* Gillette wants Multistate Tax Compact to set taxes
* California would apply its own rules to razor maker
* $750 million in Calif. rebate claims could be at stake
By Nanette Byrnes
Dec 14 A landmark agreement forged 45 years ago
to make corporate taxation more uniform among U.S. states is at
the center of a court fight between California and Gillette Co,
potentially leading to more tax conflict between states and big
Gillette, the razor giant owned by Ohio-based Procter &
Gamble Co, wants to be able to use the 1967 Multistate
Tax Compact (MTC) to determine how much tax it owes California.
This would cut Gillette's 1997-2004 tax bill by more than $4
million. The company is seeking a rebate of taxes already paid.
California wants Gillette to abide by more recent tax rules
the state has written and, as a result of the dispute, has
withdrawn from the MTC, reducing its membership to 18 states and
raising questions about the compact's future.
At a time of tight state budgets, the case is being closely
watched across the country. Early next year, the California
Supreme Court will decide whether to take the case under review.
Whether or not it does, more litigation is expected.
A victory for Gillette in California - which has by far the
largest economy among the 50 states - could unleash $750 million
in new California tax rebate claims, according to the state.
Similar disputes involving other companies are pending in
Michigan, Oregon and Texas. Experts expect more states to become
involved next year.
PATH THROUGH COURTS
The case dates to January 2010. That was when Gillette and
other companies filed claims saying California, as an MTC
member, must honor the MTC formula for apportioning state taxes,
and not impose its own formula. The claims were consolidated.
The other companies were Kimberly-Clark Corp,
Sigma-Aldrich Corp, RB Holdings, Jones Apparel Group
and Procter & Gamble, Gillette's parent since 2005. They
argued that under the MTC, their tax bills, with interest, would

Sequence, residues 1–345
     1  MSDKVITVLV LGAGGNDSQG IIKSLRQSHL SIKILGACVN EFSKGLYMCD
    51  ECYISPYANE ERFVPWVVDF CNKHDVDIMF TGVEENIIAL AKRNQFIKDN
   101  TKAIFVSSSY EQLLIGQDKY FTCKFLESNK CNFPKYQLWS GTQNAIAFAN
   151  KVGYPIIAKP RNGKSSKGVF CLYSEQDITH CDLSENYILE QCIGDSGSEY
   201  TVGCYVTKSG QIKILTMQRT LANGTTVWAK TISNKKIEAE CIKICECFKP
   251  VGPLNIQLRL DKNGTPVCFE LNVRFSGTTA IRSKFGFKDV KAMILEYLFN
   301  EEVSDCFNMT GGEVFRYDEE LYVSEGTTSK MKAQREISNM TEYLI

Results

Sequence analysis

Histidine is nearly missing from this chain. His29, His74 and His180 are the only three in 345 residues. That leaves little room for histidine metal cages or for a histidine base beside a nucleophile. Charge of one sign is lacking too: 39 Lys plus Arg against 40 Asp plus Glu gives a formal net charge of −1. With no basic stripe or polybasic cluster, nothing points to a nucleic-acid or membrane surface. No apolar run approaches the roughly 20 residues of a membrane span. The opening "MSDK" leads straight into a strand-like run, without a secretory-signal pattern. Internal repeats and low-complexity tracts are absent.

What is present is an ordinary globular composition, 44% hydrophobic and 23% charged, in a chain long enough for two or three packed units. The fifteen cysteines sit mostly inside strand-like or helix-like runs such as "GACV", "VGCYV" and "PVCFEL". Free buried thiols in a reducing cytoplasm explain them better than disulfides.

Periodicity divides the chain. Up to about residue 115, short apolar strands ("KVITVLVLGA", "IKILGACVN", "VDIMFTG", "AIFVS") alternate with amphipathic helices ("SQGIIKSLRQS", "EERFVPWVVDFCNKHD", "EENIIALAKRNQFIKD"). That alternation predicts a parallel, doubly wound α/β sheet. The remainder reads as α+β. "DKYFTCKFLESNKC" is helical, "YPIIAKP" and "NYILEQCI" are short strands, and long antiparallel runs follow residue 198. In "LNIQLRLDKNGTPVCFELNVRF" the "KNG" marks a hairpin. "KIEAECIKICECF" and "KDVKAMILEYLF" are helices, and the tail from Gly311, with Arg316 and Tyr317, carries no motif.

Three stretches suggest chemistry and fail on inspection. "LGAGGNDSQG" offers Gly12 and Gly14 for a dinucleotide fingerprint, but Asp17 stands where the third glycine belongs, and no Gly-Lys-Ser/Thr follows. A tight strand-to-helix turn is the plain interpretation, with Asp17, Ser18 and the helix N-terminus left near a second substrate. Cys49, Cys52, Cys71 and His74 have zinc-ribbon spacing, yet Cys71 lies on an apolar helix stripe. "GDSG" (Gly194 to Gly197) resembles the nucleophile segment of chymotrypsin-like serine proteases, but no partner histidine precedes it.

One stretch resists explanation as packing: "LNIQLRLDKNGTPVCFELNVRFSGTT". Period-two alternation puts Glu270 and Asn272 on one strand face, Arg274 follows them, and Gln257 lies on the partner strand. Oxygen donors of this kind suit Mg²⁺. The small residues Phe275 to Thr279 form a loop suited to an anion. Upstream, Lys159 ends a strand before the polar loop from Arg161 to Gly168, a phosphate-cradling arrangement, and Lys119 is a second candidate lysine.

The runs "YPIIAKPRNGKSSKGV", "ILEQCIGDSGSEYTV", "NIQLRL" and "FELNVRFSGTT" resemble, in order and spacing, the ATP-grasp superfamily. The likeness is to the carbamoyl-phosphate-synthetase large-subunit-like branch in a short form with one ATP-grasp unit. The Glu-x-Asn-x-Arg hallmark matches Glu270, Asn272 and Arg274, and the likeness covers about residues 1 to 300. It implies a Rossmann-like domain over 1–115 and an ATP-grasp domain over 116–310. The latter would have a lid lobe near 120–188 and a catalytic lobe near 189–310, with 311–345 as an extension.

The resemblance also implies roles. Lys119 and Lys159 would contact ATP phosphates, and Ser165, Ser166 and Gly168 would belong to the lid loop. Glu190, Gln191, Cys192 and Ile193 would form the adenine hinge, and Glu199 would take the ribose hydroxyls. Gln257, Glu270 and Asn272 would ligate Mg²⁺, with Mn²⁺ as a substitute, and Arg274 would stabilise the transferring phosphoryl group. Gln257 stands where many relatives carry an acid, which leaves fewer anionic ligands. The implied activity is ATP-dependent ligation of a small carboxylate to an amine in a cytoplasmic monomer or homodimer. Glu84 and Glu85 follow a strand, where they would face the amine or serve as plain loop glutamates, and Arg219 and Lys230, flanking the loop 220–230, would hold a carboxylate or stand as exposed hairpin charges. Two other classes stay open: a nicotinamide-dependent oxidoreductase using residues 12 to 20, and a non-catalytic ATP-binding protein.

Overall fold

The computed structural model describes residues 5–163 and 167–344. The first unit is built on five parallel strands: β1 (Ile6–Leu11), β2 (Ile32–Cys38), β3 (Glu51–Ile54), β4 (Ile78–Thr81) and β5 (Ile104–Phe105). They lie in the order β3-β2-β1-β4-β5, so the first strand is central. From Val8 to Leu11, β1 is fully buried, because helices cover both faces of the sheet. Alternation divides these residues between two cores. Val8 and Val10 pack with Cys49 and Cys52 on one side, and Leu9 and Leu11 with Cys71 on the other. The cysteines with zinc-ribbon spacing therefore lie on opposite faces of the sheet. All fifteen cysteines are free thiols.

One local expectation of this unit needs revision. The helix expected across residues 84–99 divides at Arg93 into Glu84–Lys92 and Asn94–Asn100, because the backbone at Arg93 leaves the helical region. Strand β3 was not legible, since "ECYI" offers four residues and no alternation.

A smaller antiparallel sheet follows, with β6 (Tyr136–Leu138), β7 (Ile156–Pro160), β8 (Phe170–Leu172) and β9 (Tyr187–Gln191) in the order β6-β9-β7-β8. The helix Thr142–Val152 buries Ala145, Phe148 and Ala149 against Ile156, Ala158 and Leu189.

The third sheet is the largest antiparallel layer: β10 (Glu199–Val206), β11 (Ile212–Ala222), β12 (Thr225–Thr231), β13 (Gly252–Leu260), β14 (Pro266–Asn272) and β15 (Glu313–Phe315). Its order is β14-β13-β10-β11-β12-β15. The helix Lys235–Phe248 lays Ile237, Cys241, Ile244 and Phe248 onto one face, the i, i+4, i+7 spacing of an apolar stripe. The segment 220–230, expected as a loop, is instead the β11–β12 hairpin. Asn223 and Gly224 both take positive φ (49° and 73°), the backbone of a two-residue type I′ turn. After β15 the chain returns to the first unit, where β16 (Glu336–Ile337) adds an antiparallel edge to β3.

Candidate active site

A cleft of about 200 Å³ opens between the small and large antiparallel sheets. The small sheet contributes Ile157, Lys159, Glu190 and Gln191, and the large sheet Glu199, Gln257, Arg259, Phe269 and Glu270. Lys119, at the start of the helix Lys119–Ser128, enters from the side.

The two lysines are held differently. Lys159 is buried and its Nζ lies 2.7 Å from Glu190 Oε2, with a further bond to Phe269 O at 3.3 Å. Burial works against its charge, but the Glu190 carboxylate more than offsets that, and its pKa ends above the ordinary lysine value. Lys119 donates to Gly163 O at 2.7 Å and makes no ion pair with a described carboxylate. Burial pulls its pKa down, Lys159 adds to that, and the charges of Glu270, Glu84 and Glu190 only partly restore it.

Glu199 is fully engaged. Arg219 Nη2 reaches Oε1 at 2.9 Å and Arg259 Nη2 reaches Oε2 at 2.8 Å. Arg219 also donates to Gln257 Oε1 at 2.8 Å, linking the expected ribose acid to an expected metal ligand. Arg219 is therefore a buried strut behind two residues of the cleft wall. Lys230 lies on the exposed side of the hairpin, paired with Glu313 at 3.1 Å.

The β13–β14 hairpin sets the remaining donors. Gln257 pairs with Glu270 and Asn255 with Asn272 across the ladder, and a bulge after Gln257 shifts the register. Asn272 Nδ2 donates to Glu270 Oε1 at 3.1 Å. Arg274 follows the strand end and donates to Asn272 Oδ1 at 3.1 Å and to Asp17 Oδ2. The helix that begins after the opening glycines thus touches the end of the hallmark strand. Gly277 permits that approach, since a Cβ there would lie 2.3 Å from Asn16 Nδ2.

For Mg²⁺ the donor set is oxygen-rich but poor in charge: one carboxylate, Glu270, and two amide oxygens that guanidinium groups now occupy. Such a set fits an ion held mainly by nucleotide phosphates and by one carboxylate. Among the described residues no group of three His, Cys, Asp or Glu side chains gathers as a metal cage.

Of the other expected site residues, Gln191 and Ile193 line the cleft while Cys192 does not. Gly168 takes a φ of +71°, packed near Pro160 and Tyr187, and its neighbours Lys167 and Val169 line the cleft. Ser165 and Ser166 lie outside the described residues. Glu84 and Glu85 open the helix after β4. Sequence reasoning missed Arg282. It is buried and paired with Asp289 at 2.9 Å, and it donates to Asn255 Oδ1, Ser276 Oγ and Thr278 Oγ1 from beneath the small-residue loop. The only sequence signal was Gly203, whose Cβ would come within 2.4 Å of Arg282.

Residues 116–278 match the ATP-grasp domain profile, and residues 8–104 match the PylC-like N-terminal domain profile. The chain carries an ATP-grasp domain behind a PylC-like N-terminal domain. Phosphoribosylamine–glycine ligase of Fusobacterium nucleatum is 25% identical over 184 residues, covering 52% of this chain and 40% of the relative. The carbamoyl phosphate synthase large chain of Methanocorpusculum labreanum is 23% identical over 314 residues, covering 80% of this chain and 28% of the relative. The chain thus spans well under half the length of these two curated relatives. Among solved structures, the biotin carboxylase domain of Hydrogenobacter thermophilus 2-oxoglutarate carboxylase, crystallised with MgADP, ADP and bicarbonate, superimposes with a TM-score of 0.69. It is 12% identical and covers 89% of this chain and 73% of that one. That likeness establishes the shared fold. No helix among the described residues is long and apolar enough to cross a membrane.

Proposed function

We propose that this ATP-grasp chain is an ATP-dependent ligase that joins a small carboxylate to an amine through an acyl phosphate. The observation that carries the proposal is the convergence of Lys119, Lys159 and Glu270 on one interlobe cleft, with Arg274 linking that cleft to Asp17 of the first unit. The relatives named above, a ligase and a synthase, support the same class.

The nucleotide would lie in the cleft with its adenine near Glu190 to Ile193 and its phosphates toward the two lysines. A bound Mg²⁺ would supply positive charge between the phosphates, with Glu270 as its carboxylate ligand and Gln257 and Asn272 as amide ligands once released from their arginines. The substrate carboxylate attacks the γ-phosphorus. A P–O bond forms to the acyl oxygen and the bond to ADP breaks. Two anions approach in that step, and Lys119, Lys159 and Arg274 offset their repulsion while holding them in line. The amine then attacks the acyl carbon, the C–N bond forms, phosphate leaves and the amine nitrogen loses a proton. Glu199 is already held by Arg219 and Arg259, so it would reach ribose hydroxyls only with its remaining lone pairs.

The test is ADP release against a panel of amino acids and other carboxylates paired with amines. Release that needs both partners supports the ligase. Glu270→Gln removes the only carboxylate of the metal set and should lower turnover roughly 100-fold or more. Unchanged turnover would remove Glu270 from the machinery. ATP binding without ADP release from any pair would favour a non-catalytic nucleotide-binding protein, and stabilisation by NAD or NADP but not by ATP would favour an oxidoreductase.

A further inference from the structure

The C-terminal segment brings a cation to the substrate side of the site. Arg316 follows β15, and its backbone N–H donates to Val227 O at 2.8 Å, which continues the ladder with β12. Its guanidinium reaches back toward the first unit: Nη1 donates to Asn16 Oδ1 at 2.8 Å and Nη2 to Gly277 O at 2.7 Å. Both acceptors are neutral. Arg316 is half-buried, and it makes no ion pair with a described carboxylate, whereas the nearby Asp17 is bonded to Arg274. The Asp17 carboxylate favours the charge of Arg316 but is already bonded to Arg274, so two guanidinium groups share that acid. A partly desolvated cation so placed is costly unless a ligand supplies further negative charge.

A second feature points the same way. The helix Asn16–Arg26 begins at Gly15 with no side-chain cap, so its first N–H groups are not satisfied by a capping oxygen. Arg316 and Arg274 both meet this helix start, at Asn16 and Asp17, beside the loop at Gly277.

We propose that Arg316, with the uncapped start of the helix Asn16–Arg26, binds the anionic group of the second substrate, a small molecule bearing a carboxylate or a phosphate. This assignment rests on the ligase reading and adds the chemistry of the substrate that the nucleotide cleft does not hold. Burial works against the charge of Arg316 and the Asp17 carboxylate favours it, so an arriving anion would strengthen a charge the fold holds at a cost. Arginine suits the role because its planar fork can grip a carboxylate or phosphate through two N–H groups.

be $34 million less than under California's math.
The state went to court and prevailed at trial in San
Francisco Superior Court, but then lost before the State Court
of Appeals in July. In November, the state's Franchise Tax Board
appealed to the California Supreme Court to hear the case.
In finding for Gillette, the appeals court ruled that the
compact was a binding obligation on California which subsequent
legislation did not erase. Only California's withdrawal from the
compact would do that, the court said.
The state dropped out of the MTC in June, an action that
could protect it from future claims. But if other states follow
California's lead, seeking to avoid trouble from companies
testing the Gillette approach, MTC membership would shrink,
potentially ushering in a newly fragmented system pitting states
against corporate taxpayers a case at a time.
Joe Huddleston, executive director of the Washington-based
Multistate Tax Commission, an interstate group created 45 years
ago to administer the compact, said the principles of state tax
cooperation remain strong. But he predicted the Gillette case
would have broad implications.
Forged to promote equitable apportionment of tax dollars
among states, the MTC represented an effort by states to ensure
that companies operating in multiple states not pay tax on the
same income to more than one state.
Tax consistency was seen as a benefit both to states, which
used the compact to fight off federal intervention on the topic,
and to multistate companies seeking fair taxation. The MTC
includes a formula whereby companies place equal weight on their
property, payroll and sales in a given state when calculating
how much tax they owe there.
In the years since 1967, many states, including California,
have moved away from the MTC formula. To favor and attract
businesses within their borders, these states have rearranged
the way they tax business income so that in-state businesses pay
less and out-of-state businesses pay more, explained University
of Connecticut Law School Professor Richard Pomp.
Annette Nellen, professor of accounting and finance at San
Jose State University, said the change is an example of how the
state has used the tax code as an economic development tool.
In California, the state's recent rules added up to millions
of dollars in additional costs for the companies involved in the
Gillette case. All of them are based outside of California.
The California Franchise Tax Board declined to answer
questions about the case or the claim that its formula benefits
local companies. It cited a policy of not discussing pending
Gillette and Procter & Gamble both declined comment on the
litigation, as well.
The MTC is one of more than 200 compacts in force among the
50 states. The tax compact takes in nearly every state in one
form or another. With California's withdrawal in June, the
compact now includes 18 states and the District of Columbia as
full members. Another 23 states are associate members and attend
meetings and in some cases take part in other programs, such as
joint taxpayer audits. Six other states support the MTC's
purpose, but are not participating members.
The case is Gillette Co & Subsidiaries v. California
Franchise Tax Board, Supreme Court of the State of California
Case No. S206587.